¶ 10 On appeal, the appellate court affirmed. 2019 IL App (3d) 160418, 429 Ill.Dec. 704, 125 N.E.3d 410. Relying on People v. Fuller , 2013 IL App (3d) 110391, 371 Ill.Dec. 694, 990 N.E.2d 882, the appellate court rejected defendant's one-act, one-crime argument. 2019 IL App (3d) 160418, ¶ 65, 429 Ill.Dec. 704, 125 N.E.3d 410. In Fuller , the court observed that the offense of home invasion is committed when a person acting without authority knowingly enters the dwelling place of another, knowing that someone is present, and then commits one of several predicate acts. Fuller , 2013 IL App (3d) 110391, ¶ 21, 371 Ill.Dec. 694, 990 N.E.2d 882. These predicate acts include, for example, threatening the use of force with a knife or firearm or committing criminal sexual assault. Id. Given this structure of the home invasion offense, the Fuller court reasoned that it is possible in some instances to commit home invasion without committing criminal sexual assault. Id. ¶ 22. Therefore, the court concluded, criminal sexual assault should not be considered a lesser-included offense of home invasion. Id. The appellate court below declined to find that Fuller was wrongly decided and affirmed defendant's convictions. 2019 IL App (3d) 160418, ¶ 65, 429 Ill.Dec. 704, 125 N.E.3d 410.

¶ 11 ANALYSIS

¶ 12 In People v. King , 66 Ill. 2d 551, 566, 6 Ill.Dec. 891, 363 N.E.2d 838 (1977), this court held that, when the State charges a defendant with multiple offenses that arise "from a series of incidental or closely related acts and the offenses are not, by definition, lesser included offenses," multiple convictions and sentences can be entered. This has come to be known as the one-act, one-crime doctrine. People v. Miller , 238 Ill. 2d 161, 165, 345 Ill.Dec. 59, 938 N.E.2d 498 (2010). The one-act, one-crime doctrine requires a two-step analysis. Id. First, the court must consider whether the defendant's conduct involved multiple acts or a single act. Multiple convictions are improper if they are based on precisely the same physical act. Second, if the conduct involved multiple acts, the court must determine whether one offense is a lesser-included offense of another. If an offense is a lesser-included offense, multiple convictions are improper. Id.

¶ 13 In Miller , this court held that, when determining when one offense is a lesser-included offense of another under King , courts should employ the "abstract elements" approach. Id. at 163, 345 Ill.Dec. 59, 938 N.E.2d 498. This approach requires the court to examine the statutory elements of the two offenses. "If all of the elements of one offense are included within a second offense and the first offense contains no element not included in the second offense, the first offense is deemed a lesser-included offense of the second." Id. at 166, 345 Ill.Dec. 59, 938 N.E.2d 498. We observed this was the "strictest approach in the sense that it is formulaic and rigid, and considers ‘solely theoretical or practical impossibility.’ " Id. (quoting People v. Novak , 163 Ill. 2d 93, 106, 205 Ill.Dec. 471, 643 N.E.2d 762 (1994) ). In other words, it must be impossible to commit the greater offense without necessarily committing the lesser offense. Id.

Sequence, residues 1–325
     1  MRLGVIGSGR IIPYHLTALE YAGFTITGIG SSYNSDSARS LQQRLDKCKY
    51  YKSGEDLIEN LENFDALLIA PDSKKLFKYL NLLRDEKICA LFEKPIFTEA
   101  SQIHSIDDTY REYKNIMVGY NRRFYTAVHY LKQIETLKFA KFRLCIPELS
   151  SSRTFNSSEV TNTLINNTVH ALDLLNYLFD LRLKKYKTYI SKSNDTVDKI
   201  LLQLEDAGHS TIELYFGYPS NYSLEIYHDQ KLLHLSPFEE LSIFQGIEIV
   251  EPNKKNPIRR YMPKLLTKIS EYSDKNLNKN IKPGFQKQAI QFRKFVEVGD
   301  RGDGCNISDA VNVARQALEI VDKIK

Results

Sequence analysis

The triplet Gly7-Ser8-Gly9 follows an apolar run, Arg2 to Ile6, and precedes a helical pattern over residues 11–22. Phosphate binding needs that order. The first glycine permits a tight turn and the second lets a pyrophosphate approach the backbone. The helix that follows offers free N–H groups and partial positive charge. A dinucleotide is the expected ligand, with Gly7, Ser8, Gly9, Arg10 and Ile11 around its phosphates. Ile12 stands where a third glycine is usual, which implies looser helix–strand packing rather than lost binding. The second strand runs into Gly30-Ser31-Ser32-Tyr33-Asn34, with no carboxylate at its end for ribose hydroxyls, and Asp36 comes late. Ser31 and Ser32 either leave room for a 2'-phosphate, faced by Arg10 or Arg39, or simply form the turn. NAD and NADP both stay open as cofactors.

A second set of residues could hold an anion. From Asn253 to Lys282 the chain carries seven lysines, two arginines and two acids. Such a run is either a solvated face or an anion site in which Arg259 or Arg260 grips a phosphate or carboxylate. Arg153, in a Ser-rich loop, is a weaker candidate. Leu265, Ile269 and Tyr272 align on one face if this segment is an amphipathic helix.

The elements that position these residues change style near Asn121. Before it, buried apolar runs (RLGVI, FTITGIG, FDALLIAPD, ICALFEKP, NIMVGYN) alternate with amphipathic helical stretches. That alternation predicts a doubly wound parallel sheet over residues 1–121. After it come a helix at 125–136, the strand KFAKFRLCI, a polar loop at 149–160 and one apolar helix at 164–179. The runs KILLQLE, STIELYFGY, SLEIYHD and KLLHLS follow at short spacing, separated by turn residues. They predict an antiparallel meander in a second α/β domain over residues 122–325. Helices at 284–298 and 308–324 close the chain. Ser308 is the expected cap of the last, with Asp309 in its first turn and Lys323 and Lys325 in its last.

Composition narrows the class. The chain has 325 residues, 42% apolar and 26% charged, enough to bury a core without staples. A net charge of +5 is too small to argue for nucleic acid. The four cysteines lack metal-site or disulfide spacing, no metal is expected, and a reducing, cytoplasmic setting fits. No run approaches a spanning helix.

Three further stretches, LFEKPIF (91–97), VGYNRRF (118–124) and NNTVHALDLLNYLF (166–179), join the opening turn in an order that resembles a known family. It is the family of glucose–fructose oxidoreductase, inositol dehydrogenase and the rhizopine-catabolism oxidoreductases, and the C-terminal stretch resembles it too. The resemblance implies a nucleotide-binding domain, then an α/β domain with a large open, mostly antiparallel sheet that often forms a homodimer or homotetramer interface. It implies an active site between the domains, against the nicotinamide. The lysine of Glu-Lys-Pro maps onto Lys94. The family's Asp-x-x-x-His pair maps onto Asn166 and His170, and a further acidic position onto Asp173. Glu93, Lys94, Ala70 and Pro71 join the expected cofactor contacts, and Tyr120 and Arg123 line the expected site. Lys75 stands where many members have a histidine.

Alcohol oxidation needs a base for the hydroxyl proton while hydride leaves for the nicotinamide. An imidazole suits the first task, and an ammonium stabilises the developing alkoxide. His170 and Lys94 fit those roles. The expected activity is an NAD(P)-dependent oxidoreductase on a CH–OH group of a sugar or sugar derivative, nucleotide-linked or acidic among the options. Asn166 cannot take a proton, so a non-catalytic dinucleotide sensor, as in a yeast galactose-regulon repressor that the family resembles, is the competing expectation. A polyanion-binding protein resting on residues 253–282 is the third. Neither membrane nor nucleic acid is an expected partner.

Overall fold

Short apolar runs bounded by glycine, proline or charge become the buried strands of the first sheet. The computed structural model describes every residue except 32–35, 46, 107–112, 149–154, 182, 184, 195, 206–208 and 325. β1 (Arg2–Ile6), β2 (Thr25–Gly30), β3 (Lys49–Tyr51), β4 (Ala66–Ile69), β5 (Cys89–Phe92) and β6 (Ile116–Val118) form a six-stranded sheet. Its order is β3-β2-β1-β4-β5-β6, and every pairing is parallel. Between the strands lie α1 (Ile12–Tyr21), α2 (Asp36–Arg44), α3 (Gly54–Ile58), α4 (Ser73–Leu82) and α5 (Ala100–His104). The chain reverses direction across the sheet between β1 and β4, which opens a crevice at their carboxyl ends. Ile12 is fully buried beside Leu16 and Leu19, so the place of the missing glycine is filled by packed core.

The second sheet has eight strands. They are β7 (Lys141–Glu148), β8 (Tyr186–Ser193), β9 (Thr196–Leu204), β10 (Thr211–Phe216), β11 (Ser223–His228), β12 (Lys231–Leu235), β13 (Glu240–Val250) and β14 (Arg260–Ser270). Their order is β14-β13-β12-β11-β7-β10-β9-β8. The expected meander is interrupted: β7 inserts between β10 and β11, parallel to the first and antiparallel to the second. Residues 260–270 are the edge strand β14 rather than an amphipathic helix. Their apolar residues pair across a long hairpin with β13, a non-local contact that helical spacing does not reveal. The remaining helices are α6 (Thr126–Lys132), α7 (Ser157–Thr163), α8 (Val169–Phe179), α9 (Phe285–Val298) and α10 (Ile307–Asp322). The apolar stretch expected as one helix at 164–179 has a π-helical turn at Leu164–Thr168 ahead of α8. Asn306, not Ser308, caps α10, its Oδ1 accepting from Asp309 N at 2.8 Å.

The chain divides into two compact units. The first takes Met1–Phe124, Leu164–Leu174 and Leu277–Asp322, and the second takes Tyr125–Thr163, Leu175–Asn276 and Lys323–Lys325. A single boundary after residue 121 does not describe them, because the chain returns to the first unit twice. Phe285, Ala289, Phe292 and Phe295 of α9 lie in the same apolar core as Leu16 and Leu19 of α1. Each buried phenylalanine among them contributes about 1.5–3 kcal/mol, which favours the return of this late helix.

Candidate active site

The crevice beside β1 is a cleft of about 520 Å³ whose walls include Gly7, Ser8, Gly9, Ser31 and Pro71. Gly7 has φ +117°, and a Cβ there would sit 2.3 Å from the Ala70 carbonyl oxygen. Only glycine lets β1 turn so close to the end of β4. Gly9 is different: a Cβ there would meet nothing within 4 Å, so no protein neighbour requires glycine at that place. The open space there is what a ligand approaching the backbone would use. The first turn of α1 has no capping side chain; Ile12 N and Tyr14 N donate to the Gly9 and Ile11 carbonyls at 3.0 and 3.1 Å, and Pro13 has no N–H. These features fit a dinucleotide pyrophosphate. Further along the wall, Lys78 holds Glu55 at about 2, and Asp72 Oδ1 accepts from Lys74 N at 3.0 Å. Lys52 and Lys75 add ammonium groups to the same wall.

¶ 14 The present case requires us to determine how the abstract elements approach applies to the offense of home invasion. In general, a defendant commits home invasion when

"without authority he or she knowingly enters the dwelling place of another when he or she knows or has reason to know that one or more persons is present or he or she knowingly enters the dwelling place of another and remains in such dwelling place until he or she knows or has reason to know that one or more persons is present"

and he or she engages in a separate predicate act, listed in one of six subsections. 720 ILCS 5/12-11(a) (West 2010). These predicate acts include using force or threatening to use force while armed with a firearm or other dangerous weapon (id. § 12-11(a)(1), (3)); intentionally causing injury (id. § 12-11(a)(2) ); using force or threatening to use force and discharging a firearm (id. § 12-11(a)(4) ); personally discharging a firearm that proximately causes great bodily harm (id. § 12-11(a)(5) ); and, relevant here, committing one of five sexual offenses, including criminal sexual assault (id. § 12-11(a)(6) ). The question we must answer here is whether, under the abstract elements approach, a court looks only to the specific statutory subsection of home invasion with which a defendant is charged and convicted, or whether the court looks to the entire statutory provision.

¶ 15 A split among the districts of the appellate court has arisen as to this question. One line of decisions, identified by defendant as the Bouchee line, interprets Miller as requiring courts to consider all of the statutory sections of the two relevant offenses, not just the particular subsection under which the defendant was charged and convicted. See People v. Bouchee , 2011 IL App (2d) 090542, ¶ 11, 356 Ill.Dec. 671, 962 N.E.2d 15 ; Fuller , 2013 IL App (3d) 110391, ¶¶ 20-22, 371 Ill.Dec. 694, 990 N.E.2d 882. Under this interpretation, ...

To continue reading

Request your trial
1 cases
  • State v. Family Vision Care, LLC
    • United States
    • Illinois Supreme Court
    • November 19, 2020
    ... ... 5(c)). 2019 IL App (1st) 180697, 37, 39, 431 Ill.Dec. 752, 128 N.E.3d 422. The appellate court also relied on People ex rel. Alzayat v. Hebb , 18 Cal.App.5th 801, 226 Cal. Rptr. 3d 867, 889 (2017), which stated the California statute does not limit standing to ... ...

VLEX uses login cookies to provide you with a better browsing experience. If you click on 'Accept' or continue browsing this site we consider that you accept our cookie policy. ACCEPT